Can Reason Supersede Tradition With Karnataka’s New ‘Anti-Superstition’ Bill?

Representational image
Representational imageSuresh Vasudevan Melavalasai via YouTube

Over the years India has grown to become the land of bans. Right from beef, Maggi and pornography to certain books, films and NGOs. However contested and ridiculous some of them may be, there are others that have done well for citizens. India is a diverse land of low literacy and blind religious faith that has in turn given rise to superstitious beliefs, practices and rituals that vary among communities. People’s faith in the divine and in keeping traditions alive has opened opportunities for many misgivings, especially at the hands of community and religious leaders.

On one hand, we have the incredibly debated Jallikattu that took over news channels earlier this year, where the attempt at banning it led to thousands protesting and thronging to Marina Beach in support of keeping up the tradition of the visibly dangerous sport – for both animal and humans involved, alike. It was seen as an attempt to interfere in religious and communal matters, a distortion of Tamil identity in a way, while others saw it as simple animal abuse and a threat to human life. In the past, the sport has claimed the lives of participants in the bid to surmount the power of the sturdy bull. Nevertheless, it has remained a beloved ritual.

Most recently, another regional ritual was brought into the limelight when Covai Post published an article and video showing topless minor girls being paraded at a Madurai temple as part of a ritual offering to the village deity Yezhaikaatha Amman. The internet world was enraged when they saw what girls aged between 10 and 14 were being made to do. This is a yearly ritual and as per’s report “girls are selected to reside in Yezhaikaatha Amman temple for a fortnight without any garments covering their torsos.” According to the publication, the journalist and Editor of Covai Post have been receiving abusive and threatening messages since their report went viral.

While the parents of the children were reportedly more than willing when it came to their child’s participation – “She is a goddess for us now. How could you even think wickedly” – the girls’ consent to being bare-chested in front of the entire village for a ritual was no matter. We should also mention that the devadasi system has been outlawed following India’s independence in 1947.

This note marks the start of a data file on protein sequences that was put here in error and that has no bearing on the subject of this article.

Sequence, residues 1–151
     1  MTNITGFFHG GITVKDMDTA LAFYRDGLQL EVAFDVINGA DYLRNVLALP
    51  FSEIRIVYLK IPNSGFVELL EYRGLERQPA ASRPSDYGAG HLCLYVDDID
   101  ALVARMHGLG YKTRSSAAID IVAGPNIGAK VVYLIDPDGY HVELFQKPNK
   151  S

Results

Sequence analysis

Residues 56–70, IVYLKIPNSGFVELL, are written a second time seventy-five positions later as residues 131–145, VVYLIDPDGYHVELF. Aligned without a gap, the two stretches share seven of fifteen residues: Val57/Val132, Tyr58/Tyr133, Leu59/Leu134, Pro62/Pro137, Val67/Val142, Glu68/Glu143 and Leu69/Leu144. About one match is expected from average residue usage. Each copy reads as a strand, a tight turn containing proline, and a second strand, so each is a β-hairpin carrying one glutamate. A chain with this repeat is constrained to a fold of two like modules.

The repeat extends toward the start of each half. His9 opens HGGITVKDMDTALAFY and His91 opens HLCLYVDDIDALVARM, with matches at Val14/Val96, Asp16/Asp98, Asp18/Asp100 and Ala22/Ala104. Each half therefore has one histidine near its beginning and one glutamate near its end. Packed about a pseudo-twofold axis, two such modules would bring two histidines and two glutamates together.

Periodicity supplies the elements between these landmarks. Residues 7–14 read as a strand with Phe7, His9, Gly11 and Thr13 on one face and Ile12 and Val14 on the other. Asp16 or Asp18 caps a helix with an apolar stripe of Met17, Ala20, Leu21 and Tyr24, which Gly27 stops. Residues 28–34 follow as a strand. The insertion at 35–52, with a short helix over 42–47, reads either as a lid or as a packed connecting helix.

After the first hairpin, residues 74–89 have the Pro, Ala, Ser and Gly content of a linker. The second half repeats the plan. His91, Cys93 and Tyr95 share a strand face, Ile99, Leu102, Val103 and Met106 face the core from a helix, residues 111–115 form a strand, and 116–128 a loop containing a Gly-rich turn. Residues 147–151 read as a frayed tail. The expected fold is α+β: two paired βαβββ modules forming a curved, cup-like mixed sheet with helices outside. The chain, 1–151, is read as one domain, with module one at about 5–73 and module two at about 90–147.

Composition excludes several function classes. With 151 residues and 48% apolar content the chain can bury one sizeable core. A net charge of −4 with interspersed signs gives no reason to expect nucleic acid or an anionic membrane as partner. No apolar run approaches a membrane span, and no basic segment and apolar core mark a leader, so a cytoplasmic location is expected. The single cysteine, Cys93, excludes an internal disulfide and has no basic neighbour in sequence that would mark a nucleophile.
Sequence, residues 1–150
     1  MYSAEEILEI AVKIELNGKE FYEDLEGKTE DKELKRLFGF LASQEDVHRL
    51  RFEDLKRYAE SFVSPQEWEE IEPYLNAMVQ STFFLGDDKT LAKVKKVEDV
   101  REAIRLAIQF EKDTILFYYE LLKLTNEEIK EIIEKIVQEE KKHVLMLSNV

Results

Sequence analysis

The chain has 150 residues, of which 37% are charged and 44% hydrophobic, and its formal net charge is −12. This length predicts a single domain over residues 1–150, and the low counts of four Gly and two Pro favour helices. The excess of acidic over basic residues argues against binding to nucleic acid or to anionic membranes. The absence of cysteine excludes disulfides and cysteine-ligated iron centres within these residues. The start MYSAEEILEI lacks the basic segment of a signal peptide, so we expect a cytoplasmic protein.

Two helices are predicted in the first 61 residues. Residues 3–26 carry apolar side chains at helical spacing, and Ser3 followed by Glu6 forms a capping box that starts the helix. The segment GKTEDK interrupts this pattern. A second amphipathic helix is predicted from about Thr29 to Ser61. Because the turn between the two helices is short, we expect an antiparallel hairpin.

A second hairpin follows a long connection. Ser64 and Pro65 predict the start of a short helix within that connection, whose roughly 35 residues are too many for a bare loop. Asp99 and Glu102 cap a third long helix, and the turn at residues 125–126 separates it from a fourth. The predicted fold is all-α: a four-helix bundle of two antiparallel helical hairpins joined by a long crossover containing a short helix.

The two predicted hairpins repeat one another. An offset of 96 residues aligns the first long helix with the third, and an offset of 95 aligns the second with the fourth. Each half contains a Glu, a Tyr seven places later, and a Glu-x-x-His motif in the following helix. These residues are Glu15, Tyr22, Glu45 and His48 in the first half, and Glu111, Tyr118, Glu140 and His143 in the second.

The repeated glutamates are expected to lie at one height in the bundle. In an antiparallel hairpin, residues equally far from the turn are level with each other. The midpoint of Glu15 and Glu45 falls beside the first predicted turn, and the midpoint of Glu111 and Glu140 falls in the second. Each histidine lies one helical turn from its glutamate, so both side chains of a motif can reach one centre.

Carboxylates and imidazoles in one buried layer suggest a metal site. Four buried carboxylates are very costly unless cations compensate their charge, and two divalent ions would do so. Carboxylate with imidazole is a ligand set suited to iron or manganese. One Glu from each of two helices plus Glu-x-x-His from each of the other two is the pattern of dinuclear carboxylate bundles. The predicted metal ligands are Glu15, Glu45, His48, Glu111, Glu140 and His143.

There are many bizarre, even dangerous, practices that still exist and continue to take place across the country. In this vein, the Karnataka government passed a bill that has put a ban on a number of superstitious practices and rituals across the state. “The state cabinet has decided to introduce the Anti-Superstition Bill for amending the law to prevent and eradicate various inhuman evil practices, including human sacrifice and black magic,” said TB Jaychandra, Law and Parliamentary Affairs Minister. He added that the bill has been cleared by the sub-committee of the cabinet and will be introduced in the winter session of the assembly.
The use of the word ‘superstitious’ was quite debated and the law was renamed the Karnataka Prevention and Eradication of Inhuman Evil Practices and Black Magic Bill, 2017.

Some of the “inhuman evil practices” include the parading of naked women in public, ‘made snana’ which involves people rolling over plantain leaves which holds the leftover food of Brahmins for the curing of body ailments, walking on fire and using animal and reptile bites to ‘cure’ rare diseases, among others.

The announcement was well received by many rationalists, but as is the case with Jallikattu, this move is being seen as interference in people’s communal sentiments. While we do have the legal freedom to practice whichever religion we want, should there be certain restraints, especially when it comes to backward and inhumane practices? How do you convince a person that is so deeply involved that what they’re doing to themselves or someone else, like the Madurai girls’ parents, for example, is inhumane or degrading?

Here is where the argument for having a uniform and secular civil code comes into being. To stop such practices from taking place, while also allowing people to practice their chosen religion. It is a tricky terrain, but one that needs to addressed so as to legally put into place a single common law for all Indian citizens regardless of their class, caste or religion instead of having religion-specific laws dictating rules of living, as well as for gender equality, case in point, triple talaq.

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